N MAGAZINE: You have a large cross-section of the population in Boston that present all sorts of different medical needs. Does Nantucket’s population mirror those needs, or does it have unique medical needs?
DR. SLAVIN: I think you have unique medical needs here. Number one is the variation of the population during the course of the year. Number two, clearly there are higher instances of [the tick-borne diseases] Lyme disease and Babesiosis than we see in the Boston area. Apart from that, there aren’t any major differences.
N MAGAZINE: You’re in the business of making people as healthy as possible, but you’re also in a business. If everyone were healthy and didn’t need Mass General or any hospital, it would be a business problem. Is there an inherent conflict in the hospital model?
DR. SLAVIN: We’re a nonprofit organization. Our mission is to improve health. So the greatest measure of our success would be if we could go out of business because everybody was healthy. We’re not in business. We don’t operate to make a margin like for-profit businesses. We’re there to advance our mission and we deal with whatever the economic consequences may be.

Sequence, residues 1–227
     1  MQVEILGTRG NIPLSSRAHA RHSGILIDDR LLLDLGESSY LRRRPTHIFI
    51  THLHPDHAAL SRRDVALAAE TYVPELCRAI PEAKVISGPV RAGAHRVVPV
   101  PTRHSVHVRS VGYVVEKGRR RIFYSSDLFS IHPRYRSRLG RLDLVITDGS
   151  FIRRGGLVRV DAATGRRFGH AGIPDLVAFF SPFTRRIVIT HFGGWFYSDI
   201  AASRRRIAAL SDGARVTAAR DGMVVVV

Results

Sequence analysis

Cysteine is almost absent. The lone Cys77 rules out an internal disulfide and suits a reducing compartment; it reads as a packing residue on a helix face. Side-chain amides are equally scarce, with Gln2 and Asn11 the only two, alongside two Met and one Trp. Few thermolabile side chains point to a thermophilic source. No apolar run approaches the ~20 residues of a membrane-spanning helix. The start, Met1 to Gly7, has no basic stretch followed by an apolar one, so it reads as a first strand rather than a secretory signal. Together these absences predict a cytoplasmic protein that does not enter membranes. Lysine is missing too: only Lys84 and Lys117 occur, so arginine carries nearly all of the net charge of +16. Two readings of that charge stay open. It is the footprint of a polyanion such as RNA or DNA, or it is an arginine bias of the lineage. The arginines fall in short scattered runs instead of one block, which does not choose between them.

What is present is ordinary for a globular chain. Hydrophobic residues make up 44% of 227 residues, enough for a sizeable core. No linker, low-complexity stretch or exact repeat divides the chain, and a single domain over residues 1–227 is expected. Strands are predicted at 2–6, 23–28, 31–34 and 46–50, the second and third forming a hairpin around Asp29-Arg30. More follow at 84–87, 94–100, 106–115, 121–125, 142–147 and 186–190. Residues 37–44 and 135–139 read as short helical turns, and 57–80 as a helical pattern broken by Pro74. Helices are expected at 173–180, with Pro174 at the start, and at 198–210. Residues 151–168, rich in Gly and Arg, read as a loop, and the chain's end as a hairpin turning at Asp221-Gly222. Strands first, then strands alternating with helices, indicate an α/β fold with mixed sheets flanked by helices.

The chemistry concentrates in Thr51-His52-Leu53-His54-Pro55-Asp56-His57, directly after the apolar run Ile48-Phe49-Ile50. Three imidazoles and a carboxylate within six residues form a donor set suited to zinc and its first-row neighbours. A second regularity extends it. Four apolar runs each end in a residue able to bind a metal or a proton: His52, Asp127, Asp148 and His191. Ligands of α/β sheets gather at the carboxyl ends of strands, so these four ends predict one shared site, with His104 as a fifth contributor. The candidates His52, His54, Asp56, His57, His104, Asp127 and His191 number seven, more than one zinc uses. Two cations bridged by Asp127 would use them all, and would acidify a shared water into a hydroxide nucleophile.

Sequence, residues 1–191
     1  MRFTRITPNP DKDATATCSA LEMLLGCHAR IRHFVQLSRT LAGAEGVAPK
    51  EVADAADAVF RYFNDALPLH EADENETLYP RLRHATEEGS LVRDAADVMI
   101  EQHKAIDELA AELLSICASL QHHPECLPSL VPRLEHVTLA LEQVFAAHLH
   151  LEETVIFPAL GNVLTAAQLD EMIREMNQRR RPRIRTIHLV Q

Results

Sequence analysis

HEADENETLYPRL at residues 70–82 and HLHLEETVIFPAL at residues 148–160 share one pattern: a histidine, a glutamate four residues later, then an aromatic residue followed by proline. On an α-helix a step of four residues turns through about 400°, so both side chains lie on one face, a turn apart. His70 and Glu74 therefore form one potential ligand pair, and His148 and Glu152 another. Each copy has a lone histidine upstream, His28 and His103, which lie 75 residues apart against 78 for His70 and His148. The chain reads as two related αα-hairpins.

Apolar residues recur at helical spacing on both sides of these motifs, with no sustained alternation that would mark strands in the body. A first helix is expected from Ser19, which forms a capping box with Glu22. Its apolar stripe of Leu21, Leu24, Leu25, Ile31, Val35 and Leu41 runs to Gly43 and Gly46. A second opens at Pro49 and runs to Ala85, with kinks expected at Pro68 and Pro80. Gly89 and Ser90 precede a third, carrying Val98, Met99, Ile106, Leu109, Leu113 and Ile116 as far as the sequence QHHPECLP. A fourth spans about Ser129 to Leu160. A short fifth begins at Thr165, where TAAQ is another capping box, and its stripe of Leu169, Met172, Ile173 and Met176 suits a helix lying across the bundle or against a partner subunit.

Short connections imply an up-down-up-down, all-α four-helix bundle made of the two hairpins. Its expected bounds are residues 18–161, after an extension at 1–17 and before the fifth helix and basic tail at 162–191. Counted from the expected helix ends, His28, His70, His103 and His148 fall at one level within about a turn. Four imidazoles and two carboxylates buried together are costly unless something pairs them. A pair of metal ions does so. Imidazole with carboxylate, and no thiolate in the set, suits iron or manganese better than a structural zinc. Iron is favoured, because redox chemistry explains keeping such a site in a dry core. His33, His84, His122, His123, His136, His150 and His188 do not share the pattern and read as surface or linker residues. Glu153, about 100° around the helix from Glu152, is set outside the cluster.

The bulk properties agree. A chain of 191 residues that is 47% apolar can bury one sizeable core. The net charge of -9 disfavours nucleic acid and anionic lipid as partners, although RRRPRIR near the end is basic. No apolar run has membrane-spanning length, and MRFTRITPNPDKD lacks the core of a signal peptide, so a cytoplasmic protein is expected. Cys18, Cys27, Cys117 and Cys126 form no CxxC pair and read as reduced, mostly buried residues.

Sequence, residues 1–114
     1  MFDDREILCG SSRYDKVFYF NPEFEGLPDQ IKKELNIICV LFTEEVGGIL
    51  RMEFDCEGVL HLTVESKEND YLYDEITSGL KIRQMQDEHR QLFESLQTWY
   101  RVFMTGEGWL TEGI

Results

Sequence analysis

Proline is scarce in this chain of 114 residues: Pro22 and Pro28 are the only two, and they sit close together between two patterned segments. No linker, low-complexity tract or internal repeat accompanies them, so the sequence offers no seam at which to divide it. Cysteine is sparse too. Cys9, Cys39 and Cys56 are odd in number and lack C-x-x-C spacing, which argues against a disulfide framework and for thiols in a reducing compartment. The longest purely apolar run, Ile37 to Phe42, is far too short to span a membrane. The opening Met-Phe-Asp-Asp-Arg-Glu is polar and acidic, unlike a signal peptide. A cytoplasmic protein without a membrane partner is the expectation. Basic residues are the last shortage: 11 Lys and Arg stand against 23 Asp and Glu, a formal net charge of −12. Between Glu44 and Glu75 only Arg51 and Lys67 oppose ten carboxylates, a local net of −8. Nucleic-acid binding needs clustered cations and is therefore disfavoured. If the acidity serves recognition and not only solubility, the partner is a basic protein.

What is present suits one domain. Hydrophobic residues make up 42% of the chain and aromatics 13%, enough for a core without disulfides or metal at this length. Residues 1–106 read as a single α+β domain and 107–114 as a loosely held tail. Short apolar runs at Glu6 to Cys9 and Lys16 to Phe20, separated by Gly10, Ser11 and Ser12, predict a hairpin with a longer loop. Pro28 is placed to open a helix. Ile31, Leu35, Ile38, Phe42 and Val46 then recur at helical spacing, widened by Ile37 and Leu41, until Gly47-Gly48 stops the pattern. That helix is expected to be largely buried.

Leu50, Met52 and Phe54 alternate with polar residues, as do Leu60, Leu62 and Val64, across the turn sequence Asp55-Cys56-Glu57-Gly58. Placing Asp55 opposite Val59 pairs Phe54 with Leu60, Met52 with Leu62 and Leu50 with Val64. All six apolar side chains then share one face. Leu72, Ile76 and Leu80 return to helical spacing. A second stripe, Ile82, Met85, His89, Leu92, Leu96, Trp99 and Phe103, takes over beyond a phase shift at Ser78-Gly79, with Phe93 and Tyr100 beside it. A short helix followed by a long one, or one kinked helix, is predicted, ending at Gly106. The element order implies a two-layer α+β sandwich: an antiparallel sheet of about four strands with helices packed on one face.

N MAGAZINE: With technology now advancing at an incredibly rapid rate, what do you see as the biggest advances in the next decade?
DR. SLAVIN: I group them in two categories. One is biologic advances; the other is digital advances. In biology, perhaps the most exciting area is our ability to harness the immune system to fight cancer and—in the not too distant future—other diseases. Cancers that were deadly just a few years ago are now curable. It’s miraculous. I think there are many more examples of that to come. Digitally, I think we’re at the early stages of the use of information technology to make health care better, safer and accessible. We talked about telemedicine, which is part of it, but so is artificial intelligence and machine learning. It will have a profound impact on people’s care and people’s health.
DR. SLAVIN: The Nantucket Cottage Hospital is magnificent. I really applaud the leadership here for designing the building and for raising the money to make that building a possibility. It’s really a state-of-the-art facility that’s nicely tailored to the needs of the people of this island and also built in a way that’s flexible so that it can be as efficient as possible.
N MAGAZINE: It used to be that people would come to Nantucket Cottage Hospital as a provider of last resort. We now have a facility that is vastly more sophisticated than we had before. Could you see this hospital having certain functions where people actually choose to have certain procedures here versus off-island?